27. Dear Will,

    I completely agree with your common sense opinion on this issue. I’m astounded that so many of your constituents would support these bills.


    Daniel Yazbek

  28. Both these bills should be voted down.
    The 2nd amendment says nothing about silencers; so that’s a specious argument. Silencers only promote stealthy use of guns.
    The “hearing protection” argument is weak and only an excuse.

    How’s about proposing a licensing and tax plan on the sale of ammunition?

  29. I can understand people being concerned about their hearing, but considering the many sources of noise pollution around us, I believe people who want to protect themselves from noise of gun shots should wear earphones. I think people should be able to hear the noise of killing or maiming other people, animals or just the environment. Don’t make it easier to ignore the damage shooting does. Suppressing the sounds made by guns is NOT a constitutional issue. Reject this bill.

  30. Definitely NO to allowing gun suppressors.
    There can be no rational, sane reason for allowing them. All that would do would be to make guns more invisible.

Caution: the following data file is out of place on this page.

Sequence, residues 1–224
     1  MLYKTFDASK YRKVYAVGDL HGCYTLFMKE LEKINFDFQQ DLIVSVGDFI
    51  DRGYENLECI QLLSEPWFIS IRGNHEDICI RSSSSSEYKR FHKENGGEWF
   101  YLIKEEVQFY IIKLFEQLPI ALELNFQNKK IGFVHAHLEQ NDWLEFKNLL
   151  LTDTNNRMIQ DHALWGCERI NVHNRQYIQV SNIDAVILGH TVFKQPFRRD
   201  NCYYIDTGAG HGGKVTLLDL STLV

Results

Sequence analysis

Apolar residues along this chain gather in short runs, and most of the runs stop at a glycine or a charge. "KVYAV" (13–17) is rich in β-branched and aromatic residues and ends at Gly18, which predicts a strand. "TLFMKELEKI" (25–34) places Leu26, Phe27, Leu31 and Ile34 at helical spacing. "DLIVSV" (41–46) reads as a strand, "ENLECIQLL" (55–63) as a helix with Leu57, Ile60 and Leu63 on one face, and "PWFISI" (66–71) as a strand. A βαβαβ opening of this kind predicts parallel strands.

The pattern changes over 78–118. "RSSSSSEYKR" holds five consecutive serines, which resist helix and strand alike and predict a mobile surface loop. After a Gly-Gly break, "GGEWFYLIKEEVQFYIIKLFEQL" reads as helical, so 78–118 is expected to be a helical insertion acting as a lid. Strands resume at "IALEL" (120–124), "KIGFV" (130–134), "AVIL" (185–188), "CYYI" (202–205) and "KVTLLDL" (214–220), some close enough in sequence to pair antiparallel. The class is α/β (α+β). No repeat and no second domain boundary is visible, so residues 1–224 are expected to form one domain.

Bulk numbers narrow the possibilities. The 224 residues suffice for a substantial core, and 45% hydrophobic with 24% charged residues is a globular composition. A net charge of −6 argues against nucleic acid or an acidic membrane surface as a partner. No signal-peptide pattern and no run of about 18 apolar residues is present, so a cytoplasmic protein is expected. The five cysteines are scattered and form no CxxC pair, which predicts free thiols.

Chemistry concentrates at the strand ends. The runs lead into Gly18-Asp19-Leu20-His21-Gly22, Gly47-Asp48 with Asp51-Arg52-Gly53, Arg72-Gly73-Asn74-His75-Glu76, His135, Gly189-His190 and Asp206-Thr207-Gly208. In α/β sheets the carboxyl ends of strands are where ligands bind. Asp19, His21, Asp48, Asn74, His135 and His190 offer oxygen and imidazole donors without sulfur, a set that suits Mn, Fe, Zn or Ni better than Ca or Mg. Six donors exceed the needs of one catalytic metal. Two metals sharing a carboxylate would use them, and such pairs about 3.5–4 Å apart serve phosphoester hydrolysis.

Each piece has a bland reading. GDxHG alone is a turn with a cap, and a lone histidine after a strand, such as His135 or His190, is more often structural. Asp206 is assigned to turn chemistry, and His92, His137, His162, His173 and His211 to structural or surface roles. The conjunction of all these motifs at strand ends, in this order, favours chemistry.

31. I would start with standardization of gun permit issue process. Who cares about silencers when there are artificial barriers to exercising your 2-nd Amendment rights in so many municipalities in MA?

  32. Senator Brownsberger,

    I support your opposition to silencers. They have no place in the Commonwealth.

    Thank you.

  33. Thank you for listening to us, your constituents.

    I totally agree with you Senator Brownsberger. The effort to make silencers acceptable only makes killing people easier.
    All of the reasons supportive of silencers are bogus. Isn’t the real reason for promoting silencers to sell more guns and paraphernalia?
    I grew up with hunting rifles and a shotgun. I would not count hearing issues as a problem as I did not fire the rifle excessively. The purpose of each shot was to get meat for the dinner table.

    Now, our country has lost its sanity in this mania for guns. Guns are no longer for providing food; they are for killing people and they do. Allowing silencers only further facilitates the killing of Americans.